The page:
A survey conducted by The Oklahoman found that many residents in the state didn’t receive significant exposure to the Tulsa Race Massacre while in school.
According to the results, 83 percent of the 305 people surveyed, most of them Oklahomans, had never received a full lesson on the Tulsa Race Massacre while in grades K-12. About 61 percent of respondents said they first learned of the massacre through the news while others said their initial came through a movie or TV show, friend or family member.
The results come 100 years after the atrocities that left an affluent Black community burned to the ground were first committed between May 31 and June 1 of 1921.
“That’s a very common experience of a lot of Oklahomans,” said Joy Hofmeister, Oklahoma’s state superintendent of public schools. She was an adult before she learned of the reign of terror and violence carried out by a white mob, after a Black teenager was accused of assaulting a white girl in an elevator. When a group of Black men showed up at the courthouse to defend the teen, who was barricaded inside the building with the sheriff, a fight ensued with a mob of white men, who followed the Black men back to the Greenwood district, where the carnage began.
Over an 18-hour period, white mobs attacked, burned and looted the thriving business district that had become known as Black Wall Street.
At least 300 people were killed and more than 800 were injured. More than 1,200 homes and 60 businesses were destroyed.
The media largely silenced reports of what had transpired.
Following series premiere of the HBO series “Watchmen” featuring Regina King aired in 2019, some viewers were shocked to find out they had never heard of the massacre. The episode opened with a sequence depicting the true story of the violence.
“I’m embarrassed to admit I had never even heard of the Tulsa Race Riots of 1921 before tonight’s episode of Watchmen on HBO. Even then I thought it was part of the show’s hyper violent alternative history,” one user wrote.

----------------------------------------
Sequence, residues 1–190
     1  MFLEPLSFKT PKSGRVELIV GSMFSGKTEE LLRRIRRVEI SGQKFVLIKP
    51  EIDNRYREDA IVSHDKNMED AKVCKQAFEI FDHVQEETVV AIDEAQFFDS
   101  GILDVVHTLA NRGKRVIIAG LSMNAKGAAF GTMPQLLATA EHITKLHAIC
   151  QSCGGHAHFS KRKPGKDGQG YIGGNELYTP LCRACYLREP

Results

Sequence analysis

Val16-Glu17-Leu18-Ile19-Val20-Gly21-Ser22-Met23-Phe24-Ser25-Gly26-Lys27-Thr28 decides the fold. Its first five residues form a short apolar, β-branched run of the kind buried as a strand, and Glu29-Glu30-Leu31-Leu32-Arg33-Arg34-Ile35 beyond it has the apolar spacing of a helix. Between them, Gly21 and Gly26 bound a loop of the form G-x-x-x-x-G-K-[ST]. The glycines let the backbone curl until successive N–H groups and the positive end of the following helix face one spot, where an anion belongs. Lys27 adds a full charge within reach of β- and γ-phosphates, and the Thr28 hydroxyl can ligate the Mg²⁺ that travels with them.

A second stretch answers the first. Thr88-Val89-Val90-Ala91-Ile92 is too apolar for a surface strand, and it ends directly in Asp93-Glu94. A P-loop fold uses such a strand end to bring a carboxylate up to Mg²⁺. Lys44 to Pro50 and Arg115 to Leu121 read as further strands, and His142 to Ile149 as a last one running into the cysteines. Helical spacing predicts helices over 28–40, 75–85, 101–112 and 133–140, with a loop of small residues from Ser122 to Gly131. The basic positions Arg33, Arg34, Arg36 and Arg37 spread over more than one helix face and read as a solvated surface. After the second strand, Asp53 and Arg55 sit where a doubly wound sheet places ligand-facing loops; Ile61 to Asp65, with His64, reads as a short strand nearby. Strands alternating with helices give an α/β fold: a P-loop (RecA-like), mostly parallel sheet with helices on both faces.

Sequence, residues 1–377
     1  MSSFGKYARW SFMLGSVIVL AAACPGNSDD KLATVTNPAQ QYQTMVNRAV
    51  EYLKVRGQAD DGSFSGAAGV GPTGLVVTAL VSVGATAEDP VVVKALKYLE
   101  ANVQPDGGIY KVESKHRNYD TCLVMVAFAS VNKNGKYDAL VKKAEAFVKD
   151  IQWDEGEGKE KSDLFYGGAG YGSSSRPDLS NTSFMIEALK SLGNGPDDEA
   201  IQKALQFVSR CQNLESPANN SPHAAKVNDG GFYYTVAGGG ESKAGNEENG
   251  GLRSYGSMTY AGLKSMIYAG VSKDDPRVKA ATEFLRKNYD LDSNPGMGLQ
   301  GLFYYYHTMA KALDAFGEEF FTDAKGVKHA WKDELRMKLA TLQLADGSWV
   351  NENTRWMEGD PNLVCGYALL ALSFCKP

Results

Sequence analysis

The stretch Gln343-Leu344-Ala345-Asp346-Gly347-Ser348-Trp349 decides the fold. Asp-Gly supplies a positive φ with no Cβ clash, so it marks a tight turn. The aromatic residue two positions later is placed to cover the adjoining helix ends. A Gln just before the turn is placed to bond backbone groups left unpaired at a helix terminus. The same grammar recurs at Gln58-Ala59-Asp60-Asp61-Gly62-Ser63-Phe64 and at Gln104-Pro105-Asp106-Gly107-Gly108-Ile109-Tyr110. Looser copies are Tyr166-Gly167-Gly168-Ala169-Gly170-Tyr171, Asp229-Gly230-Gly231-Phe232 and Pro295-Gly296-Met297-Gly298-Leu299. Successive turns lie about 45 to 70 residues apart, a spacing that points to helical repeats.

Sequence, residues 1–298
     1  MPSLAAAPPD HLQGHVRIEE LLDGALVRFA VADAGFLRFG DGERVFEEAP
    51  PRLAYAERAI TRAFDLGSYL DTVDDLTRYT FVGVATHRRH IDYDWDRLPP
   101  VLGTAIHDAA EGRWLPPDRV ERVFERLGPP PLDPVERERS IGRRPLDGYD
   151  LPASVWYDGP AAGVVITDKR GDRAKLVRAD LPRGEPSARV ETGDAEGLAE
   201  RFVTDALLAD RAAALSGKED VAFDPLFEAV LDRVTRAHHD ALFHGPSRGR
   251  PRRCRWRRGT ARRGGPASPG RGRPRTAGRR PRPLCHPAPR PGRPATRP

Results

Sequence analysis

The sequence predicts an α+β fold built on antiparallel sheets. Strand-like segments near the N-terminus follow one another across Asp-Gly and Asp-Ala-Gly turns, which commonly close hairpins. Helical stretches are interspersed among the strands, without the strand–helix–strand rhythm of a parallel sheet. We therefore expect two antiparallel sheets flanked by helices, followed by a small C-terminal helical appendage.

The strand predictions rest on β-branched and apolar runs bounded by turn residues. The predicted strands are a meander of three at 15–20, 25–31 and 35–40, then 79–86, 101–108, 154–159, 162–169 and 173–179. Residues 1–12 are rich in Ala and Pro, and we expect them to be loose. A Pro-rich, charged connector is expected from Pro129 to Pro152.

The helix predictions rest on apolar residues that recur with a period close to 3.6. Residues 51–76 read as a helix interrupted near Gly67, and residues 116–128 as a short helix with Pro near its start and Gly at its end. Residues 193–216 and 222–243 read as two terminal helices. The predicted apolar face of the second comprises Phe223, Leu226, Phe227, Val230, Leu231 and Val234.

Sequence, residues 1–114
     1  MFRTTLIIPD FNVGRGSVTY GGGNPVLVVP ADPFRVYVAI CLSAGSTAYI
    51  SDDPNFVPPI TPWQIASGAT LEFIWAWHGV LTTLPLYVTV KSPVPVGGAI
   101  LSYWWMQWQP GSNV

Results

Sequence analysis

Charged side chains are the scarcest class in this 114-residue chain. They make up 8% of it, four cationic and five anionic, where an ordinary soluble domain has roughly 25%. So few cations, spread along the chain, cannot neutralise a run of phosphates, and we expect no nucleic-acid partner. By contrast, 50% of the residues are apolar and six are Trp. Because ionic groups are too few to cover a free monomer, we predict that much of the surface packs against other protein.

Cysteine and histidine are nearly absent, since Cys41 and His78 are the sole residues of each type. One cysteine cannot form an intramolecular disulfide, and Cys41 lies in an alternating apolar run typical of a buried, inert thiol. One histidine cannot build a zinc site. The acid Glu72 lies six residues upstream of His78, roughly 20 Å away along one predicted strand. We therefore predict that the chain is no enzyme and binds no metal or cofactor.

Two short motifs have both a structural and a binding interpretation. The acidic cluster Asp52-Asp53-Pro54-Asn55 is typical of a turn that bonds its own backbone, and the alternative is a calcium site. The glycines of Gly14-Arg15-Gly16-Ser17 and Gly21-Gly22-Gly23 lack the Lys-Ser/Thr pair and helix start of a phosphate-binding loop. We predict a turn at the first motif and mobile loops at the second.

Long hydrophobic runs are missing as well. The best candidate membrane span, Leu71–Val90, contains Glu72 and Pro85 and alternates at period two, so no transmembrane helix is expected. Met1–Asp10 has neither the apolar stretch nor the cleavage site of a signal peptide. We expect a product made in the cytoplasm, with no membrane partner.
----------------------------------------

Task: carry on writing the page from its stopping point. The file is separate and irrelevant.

It was until 2002 that Oklahoma public schools were instructed to teach about the massacre, when it was added to the academic standards by The Oklahoma Education Department. Even then, the mention of the riot in the standards was vague.
Schools had to cover the history of “race relations” and “racial tensions” in the state, and while the massacre was offered as an example, schools could still bypass it altogether. In 2012, the standards in regards to the massacre were made more specific, and students in Oklahoma are now supposed to learn about the massacre in third, sixth, and 11th graded. Schools in Oklahoma City have adopted a curriculum established by the Tulsa Race Massacre Centennial Commission and the Oklahoma History Center. But even some recent graduates say it wasn’t ever mentioned in the classroom.
Oklahoma state Sen. Kevin Matthews, now 61, first learned about the massacre in his 30s while watching a VHS film. “I watched it, and I thought it was a fictional movie,” he said. He calls the lack of education about the violence “a conspiracy of silence.”
Matthew continued, “It was purposely not talked about. It’s almost like things that happen in your family that you’re not proud of — people don’t talk about it. I think it’s something our city and state aren’t that proud of and didn’t want to talk about.”